May’s Fantasy features Dominique Dickey’s “Drowned Best Friend”, a moving story where Joseph, a young trans man, deals with isolation and bullying. Dickey is sensitive and compassionate as they reveal the complex guilts that Joseph carries because of his role in the accidental death of his best friend. That incident acts as an anchor, pulling him toward a past that doesn’t fit him, but one he doesn’t want to lose, because the ghost of his friend remains tethered to him, haunting him, though not in a particularly sinister way. The push and pull of the past and future make for a compelling read, especially as Joseph tries to make new connections and balance his guilt and the fear he’s betraying his first best friend. Meanwhile, “One Day the Cave Will Be Empty” by K.J. Chien provides an equally complicated look at family and love as a couple finds they have birthed what might be a monster. Their Pearl is a kind of mer-person, and they immediately hide her away. What has been hidden has a way of being discovered, though, and as Pearl grows she yearns more and more to be seen. But that moment of discovery might be nothing like the nightmares that have kept her parents sleepless some nights. It’s a tense piece that seems at times to border on horror, but which finds a new and beautiful path to tread rather than resolving in intolerance and death.
May’s F&SF opens with an editorial very much focused on music. Fitting, given that the first story of the issue is Fawaz Al-Matrouk’s “The Voice of a Thousand Years”, which follows Ibn Hashem, an old man and scholar who finds a voice speaking to him from a musical instrument. In attempting to help the voice, though, Ibn Hashem is faced with the difficulty of his task, and the personal sorrow he still feels at all that he has lost and all that he has witnessed the world lose. Yet, despite failure after failure, Al-Matrouk keeps the story reaching toward something whole and freeing. It’s a feeling reinforced in Ai Jiang’s “Give Me English”, where language itself has been monetized and the poor are rendered Silent because they lack the words and understanding to express themselves and be understood. Inside that world, Gillian is trying to get by, to not let down her family, and yet everything seems to be pushing her toward Silence. Despite that, the story shows the power that comes from not leaning into the corruption that powers this system – the power of language, compassion, and identity that can’t be stripped away or sold. Music returns as a focal point in “The Hunger” by James Enge, where an escaping slave meets up with a famed warrior in something of a desperate misadventure. The two find themselves in a place where the dead walk and attack and seem only to be soothed by the beat of music. It’s an interesting and action-filled fantasy that shows that some battles are not fought with strength alone, and that not all undead hungers are for brains.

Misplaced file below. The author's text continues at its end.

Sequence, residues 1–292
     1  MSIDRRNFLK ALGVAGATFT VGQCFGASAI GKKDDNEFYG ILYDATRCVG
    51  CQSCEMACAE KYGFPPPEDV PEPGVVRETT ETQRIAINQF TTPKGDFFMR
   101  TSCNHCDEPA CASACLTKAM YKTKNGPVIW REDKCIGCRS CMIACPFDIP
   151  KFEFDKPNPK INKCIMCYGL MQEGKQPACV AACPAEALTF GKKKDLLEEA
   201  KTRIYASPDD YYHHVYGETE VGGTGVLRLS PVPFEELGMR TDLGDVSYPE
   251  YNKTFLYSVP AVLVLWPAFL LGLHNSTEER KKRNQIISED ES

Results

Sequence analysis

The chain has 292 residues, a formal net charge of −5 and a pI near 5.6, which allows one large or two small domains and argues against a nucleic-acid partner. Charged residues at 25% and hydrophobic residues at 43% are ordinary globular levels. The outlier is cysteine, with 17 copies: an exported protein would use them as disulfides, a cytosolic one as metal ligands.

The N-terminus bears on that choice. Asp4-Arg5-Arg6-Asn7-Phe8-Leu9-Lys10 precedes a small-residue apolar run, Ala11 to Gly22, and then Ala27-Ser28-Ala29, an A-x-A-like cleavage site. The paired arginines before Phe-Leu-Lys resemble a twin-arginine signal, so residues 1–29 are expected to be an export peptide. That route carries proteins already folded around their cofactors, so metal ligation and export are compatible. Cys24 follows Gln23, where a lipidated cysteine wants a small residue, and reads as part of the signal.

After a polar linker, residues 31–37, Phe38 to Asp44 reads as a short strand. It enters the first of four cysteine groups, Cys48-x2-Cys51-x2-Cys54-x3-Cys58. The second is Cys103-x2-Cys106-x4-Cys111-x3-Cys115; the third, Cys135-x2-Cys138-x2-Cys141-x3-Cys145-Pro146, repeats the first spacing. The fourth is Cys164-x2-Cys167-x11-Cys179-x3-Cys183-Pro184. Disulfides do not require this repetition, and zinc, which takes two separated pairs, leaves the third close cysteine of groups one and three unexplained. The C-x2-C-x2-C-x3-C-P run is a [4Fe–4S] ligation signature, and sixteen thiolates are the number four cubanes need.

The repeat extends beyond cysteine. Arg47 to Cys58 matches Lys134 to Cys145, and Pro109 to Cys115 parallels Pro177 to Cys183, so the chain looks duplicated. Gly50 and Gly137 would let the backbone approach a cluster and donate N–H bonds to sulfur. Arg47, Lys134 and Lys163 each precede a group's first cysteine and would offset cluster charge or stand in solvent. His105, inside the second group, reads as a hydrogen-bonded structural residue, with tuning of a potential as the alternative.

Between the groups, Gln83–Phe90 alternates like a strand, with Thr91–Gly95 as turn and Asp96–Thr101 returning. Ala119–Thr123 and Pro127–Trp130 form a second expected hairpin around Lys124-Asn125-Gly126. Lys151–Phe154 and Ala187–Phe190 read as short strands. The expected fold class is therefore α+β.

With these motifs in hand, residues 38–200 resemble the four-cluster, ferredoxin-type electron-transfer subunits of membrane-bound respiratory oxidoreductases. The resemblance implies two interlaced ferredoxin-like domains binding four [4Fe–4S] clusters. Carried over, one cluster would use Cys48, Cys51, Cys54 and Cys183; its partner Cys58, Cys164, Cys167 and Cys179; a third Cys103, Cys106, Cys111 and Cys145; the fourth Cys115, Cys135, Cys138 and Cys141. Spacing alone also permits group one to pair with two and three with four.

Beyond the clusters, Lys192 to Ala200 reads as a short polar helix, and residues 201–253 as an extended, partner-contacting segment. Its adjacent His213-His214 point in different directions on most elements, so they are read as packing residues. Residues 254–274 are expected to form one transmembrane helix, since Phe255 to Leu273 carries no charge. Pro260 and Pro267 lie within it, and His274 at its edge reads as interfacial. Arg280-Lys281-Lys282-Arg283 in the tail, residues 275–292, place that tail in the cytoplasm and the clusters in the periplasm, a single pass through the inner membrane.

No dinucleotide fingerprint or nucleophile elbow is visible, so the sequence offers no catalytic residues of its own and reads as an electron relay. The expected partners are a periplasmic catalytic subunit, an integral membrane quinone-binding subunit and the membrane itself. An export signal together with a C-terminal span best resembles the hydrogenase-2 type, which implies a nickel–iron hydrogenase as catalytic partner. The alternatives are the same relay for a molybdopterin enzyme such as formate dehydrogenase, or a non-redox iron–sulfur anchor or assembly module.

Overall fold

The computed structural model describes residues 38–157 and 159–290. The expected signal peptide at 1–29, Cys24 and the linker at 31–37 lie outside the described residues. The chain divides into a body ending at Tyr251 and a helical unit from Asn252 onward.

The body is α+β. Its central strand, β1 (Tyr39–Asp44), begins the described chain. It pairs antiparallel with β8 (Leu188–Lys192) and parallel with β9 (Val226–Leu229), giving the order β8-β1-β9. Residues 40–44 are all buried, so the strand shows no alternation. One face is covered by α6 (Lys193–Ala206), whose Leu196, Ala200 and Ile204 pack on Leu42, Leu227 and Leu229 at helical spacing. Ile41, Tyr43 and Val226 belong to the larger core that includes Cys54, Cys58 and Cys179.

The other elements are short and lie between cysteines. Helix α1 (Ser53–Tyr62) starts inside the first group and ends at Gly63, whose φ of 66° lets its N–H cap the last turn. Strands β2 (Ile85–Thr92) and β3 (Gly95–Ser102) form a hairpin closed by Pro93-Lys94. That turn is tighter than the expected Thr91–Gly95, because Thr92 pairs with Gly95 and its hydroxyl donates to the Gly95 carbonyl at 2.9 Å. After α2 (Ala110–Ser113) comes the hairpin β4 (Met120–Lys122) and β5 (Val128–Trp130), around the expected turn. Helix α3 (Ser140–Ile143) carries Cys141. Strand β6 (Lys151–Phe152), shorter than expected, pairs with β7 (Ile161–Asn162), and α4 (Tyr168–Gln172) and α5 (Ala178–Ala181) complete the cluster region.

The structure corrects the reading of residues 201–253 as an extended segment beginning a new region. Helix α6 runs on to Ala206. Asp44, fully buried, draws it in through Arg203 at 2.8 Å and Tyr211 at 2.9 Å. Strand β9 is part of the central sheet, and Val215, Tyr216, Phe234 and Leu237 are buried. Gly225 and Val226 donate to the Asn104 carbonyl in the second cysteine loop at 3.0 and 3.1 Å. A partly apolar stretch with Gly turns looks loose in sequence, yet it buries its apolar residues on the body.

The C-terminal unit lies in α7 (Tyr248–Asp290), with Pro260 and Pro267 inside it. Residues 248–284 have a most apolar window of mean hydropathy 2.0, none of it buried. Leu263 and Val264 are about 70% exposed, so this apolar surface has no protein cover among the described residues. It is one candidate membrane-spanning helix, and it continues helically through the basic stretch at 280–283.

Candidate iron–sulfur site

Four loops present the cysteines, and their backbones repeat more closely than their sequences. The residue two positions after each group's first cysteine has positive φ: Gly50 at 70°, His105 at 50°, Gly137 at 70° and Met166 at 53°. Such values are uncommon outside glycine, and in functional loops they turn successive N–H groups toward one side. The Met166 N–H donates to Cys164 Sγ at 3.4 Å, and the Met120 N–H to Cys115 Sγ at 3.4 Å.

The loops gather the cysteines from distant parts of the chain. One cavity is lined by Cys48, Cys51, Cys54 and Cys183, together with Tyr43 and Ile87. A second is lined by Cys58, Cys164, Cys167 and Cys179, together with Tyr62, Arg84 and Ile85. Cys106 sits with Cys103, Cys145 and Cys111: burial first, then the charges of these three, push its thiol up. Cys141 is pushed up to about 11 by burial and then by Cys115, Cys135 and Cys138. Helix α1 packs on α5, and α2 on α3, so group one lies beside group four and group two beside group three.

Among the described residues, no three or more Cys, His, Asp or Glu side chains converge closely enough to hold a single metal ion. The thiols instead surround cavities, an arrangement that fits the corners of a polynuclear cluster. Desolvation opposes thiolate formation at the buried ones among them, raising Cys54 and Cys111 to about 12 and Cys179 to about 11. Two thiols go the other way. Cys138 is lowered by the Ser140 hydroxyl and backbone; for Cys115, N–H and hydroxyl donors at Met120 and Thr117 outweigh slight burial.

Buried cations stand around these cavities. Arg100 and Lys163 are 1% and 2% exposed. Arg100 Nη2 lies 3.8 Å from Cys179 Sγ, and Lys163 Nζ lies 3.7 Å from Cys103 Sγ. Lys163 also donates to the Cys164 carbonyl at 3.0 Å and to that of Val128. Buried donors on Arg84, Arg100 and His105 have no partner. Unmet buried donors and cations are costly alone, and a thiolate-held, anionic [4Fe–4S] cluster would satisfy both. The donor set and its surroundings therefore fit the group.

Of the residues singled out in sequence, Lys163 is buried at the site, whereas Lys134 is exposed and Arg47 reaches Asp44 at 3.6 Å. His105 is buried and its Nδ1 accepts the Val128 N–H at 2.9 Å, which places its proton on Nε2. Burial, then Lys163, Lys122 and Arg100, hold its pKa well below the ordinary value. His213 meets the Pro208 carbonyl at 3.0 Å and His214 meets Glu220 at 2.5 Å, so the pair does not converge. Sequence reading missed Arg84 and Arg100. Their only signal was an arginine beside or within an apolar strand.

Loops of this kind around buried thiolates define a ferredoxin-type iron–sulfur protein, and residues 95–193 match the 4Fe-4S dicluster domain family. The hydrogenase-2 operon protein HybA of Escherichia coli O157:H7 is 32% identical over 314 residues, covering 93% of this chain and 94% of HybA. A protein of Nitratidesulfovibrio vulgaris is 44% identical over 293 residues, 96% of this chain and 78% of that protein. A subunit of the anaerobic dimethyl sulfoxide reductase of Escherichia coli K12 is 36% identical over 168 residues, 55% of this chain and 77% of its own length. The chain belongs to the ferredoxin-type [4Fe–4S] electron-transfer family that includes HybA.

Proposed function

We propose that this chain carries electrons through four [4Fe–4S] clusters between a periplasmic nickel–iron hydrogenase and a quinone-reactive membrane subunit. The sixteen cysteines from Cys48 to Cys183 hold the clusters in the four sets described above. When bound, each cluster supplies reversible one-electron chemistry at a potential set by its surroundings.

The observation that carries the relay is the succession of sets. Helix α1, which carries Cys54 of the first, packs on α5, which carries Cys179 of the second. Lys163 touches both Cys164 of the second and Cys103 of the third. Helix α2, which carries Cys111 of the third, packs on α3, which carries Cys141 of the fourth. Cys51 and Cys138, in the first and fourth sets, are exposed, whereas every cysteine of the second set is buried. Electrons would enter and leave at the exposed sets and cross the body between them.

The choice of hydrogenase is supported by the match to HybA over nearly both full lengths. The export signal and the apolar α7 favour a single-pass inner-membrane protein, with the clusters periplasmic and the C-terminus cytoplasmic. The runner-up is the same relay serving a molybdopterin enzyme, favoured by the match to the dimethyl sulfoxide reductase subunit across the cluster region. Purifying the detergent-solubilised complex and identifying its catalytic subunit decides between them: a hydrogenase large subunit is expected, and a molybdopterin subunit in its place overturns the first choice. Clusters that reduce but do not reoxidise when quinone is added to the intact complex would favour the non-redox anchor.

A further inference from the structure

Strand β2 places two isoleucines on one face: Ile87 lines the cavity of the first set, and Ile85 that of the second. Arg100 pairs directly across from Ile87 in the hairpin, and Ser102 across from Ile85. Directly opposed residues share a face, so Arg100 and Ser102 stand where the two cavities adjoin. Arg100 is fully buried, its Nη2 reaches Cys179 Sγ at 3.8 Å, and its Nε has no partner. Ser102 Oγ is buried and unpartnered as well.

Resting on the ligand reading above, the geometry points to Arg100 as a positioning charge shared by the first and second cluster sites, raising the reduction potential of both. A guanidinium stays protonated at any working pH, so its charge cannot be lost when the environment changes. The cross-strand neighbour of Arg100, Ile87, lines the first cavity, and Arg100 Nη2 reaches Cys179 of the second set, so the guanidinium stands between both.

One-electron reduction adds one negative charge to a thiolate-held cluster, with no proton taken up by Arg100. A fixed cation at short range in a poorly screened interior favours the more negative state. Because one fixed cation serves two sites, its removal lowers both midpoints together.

Taemumu Richardson’s first professional publication is “Nightmares Come from Stolen Dreams”, with a narrator for whom entertainment is a way of life. In the post-disaster setting of the story, it means the difference between life and death, as she travels with a giant snake, performing and making sure that her reptilian partner stays well fed on people who won’t be missed. When someone decides to try and steal the secrets of the snake’s powers, though, things go from bad to bloody, and Richardson manages a breathless and harrowing experience in her debut. Jae Steinbacher’s “The Angel’s Call” continues both the action and the focus on post-disaster settings in a world where the Call has transformed some people into “angels” complete with wings and powers. Bron, a trans person trying to deny the angelic changes boiling inside them, just wants to be left in peace. Not really an option when they and their partner Kayla, a trans woman, stumble across a religious camp with a grim and violent secret. It’s a bloody story of identity and fighting against the pressures to be predatory, and winning that fight in a rather profound and wonderful way. The issue ends on a flash fiction story by John Wiswell, “The True Meaning of Father’s Day”. Lighthearted and clever, the piece finds a group of friends (who happen to be time travelers) arguing over who’s going to pick up the bill for lunch. But as they seek to one up each other in their attempts to cover the meal, one of them might have taken things to a whole other level.
“A Strange and Muensterous Desire”, Amanda Hollander (Diabolical Plots 5/22)
“The Cheesemaker and the Undying King”, Lina Rather (Lightspeed 5/22)
“Give Me English”, Ai Jiang (F&SF 5-6/22)
This review and more like it in the June 2022 issue of Locus.